PMID: 16423044 [PubMed - indexed for MEDLINE]

Liver Transpl. 2006 Feb;12(2):247-52.

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Allograft TNFbeta and IL16 polymorphisms influence HCV recurrence and severity after liver transplantation.

Kimball P, Baker M, Fisher RA.

Department of Surgery, Medical College of Virginia Hospitals at Virginia Commonwealth University, Richmond, VA 23298, USA. pkimball@gems.vcu.edu

Hepatitis C (HCV) recurrence after liver transplantation is universal although severity varies. We explored whether certain donor cytokine gene polymorphisms may be useful markers of susceptibility to severe recurrence. Allograft tumor necrosis factor (TNF) beta and interleukin (IL) 16 gene polymorphisms were correlated with l-yr clinical outcome among HCV+ recipients. Recipients of donor TNFbeta(2,2) (n = 8) experienced less recurrence (50% vs. 71%, P < 0.05), less fibrosis (25% vs. 76%, P < 0.01), and less rejection (25% vs. 71%, P < 0.01) than donor TNFbeta(1,1) (n = 19). Recipients of donor TNFbeta(1,2) (n = 27) demonstrated an intermediate picture with less fibrosis (56%, P < 0.01) and less rejection (37%, P < 0.01) than TNFbeta(1,1). Recipients with donor IL16(TC) (n = 22) showed less recurrence (65% vs. 78%, P = 0.05), less fibrosis (53% vs. 67%, P = 0.06), and less rejection (41% vs. 55%, P = 0.06) than IL16(TT) (n = 32) genotype. Recipients of the combination TNFbeta(2,2)/IL16(TC) donor genotype had the most benign clinical outcome with less recurrence (33% vs. 75%, P < 0.01), no fibrosis (0% vs. 50%, P < 0.001), and fewer rejections (33% vs. 75%, P < 0.01) than donor TNFbeta(1,1)/IL16(TT) genotype. In vitro production of cytokines correlated with genotype. Release of soluble TNFbeta for TNFbeta(1,1) vs. TNFbeta(1,2) and TNFbeta(2,2) was 4803 +/- 2142 pg/mL vs. 5629 +/- 3106 (P = not significant [ns]) and 7180 +/- 3005 (P = ns). Release of soluble IL16 for IL16(TT) vs. IL16(TC) was 437 +/- 86 pg/mL vs. 554 +/- 39 (P = 0.06). In conclusion, allograft TNFbeta and IL16 gene polymorphisms may be useful markers to predict the severity of disease recurrence among HCV+ patients after liver transplantation. Copyright 2006 AASLD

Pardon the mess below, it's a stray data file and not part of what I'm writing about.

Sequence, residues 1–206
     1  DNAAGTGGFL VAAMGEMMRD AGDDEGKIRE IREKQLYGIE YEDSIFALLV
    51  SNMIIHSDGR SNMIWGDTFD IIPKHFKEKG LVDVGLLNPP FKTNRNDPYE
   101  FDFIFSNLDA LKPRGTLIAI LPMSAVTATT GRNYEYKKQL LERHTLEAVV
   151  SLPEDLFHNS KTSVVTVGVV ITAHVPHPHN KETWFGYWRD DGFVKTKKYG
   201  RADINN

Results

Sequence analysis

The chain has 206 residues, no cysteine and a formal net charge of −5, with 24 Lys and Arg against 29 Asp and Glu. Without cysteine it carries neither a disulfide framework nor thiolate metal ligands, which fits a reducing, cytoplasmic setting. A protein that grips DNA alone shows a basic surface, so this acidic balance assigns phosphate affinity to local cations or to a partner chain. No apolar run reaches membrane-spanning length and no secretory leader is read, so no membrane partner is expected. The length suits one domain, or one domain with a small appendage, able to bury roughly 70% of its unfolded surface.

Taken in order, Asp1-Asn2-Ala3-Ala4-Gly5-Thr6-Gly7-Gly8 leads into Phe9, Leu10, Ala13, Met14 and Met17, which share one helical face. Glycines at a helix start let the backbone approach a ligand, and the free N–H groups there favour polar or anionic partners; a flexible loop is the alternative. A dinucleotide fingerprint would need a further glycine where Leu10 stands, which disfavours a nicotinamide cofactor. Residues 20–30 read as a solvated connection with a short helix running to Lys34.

PMID: 16447204 [PubMed - in process]